History of Myra

Though there is a conflict of opinions as to when Myra was first occupied, and as there is no mention of it before the 1st century B.C. it is generally agreed that Myra came into prominence in the 5th century B.C. In the 1st century B.C. Myra that comes from the word "Myrrh" was a commanding city of the Lycian Union and was chosen over Xanthos by Constantine in early Byzantine times as the capital of Lycia. Myra also used to be an important port during the Roman times.

One of the most famous bishops of Myra is St. Nicholas, who lived in the early years of the 4th century A.D. He was a great philanthropist and has gone down the annals of history as Santa Claus. After his death, Myra was converted to a rich pilgrimage center and many churches were built.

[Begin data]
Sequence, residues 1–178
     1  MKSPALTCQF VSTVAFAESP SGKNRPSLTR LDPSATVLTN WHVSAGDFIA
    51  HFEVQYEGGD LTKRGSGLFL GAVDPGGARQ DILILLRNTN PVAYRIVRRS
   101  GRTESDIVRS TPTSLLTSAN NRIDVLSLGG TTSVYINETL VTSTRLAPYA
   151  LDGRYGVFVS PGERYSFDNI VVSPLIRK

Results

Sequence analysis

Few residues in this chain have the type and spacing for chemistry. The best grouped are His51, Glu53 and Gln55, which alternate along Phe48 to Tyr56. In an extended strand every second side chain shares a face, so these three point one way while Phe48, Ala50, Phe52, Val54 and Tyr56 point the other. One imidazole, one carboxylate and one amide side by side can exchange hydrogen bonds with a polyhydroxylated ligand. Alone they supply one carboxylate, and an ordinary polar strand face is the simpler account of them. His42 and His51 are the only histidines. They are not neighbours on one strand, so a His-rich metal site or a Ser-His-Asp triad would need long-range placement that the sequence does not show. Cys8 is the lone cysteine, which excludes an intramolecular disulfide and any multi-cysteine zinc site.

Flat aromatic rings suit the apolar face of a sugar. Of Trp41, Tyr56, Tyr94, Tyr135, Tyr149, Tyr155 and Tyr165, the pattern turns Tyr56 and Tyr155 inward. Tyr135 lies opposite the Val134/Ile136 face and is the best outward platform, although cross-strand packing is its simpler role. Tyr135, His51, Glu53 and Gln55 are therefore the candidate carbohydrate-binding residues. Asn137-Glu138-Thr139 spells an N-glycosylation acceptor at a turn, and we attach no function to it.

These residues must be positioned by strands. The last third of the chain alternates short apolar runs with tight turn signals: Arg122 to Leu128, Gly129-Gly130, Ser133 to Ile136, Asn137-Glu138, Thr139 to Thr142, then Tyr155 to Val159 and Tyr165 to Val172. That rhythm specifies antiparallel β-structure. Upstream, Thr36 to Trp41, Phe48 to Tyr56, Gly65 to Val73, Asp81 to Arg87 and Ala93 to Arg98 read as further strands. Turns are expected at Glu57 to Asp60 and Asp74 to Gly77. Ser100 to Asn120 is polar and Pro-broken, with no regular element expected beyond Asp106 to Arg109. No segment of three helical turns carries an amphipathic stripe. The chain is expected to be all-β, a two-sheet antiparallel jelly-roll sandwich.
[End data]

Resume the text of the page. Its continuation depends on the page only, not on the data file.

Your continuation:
This city however was abandoned following an Arab invasion in the 9th century A.D. Many natural disasters followed, which led to its complete desertion in the 11th century A.D. The Turks went to Myra only to find it as a devastated region; presently Myra lies buried because of the sediment deposition in its port.